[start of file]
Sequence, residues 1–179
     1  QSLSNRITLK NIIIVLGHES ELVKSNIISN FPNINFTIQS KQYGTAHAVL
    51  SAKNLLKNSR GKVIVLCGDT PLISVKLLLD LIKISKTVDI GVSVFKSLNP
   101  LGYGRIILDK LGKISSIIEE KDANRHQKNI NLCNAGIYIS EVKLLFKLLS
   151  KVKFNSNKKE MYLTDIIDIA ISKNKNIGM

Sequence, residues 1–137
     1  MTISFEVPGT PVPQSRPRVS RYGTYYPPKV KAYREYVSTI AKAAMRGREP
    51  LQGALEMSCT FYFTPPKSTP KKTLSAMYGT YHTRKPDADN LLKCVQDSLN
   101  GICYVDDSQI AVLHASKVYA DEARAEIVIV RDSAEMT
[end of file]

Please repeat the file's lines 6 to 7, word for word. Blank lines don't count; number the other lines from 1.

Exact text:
Sequence, residues 1–137
     1  MTISFEVPGT PVPQSRPRVS RYGTYYPPKV KAYREYVSTI AKAAMRGREP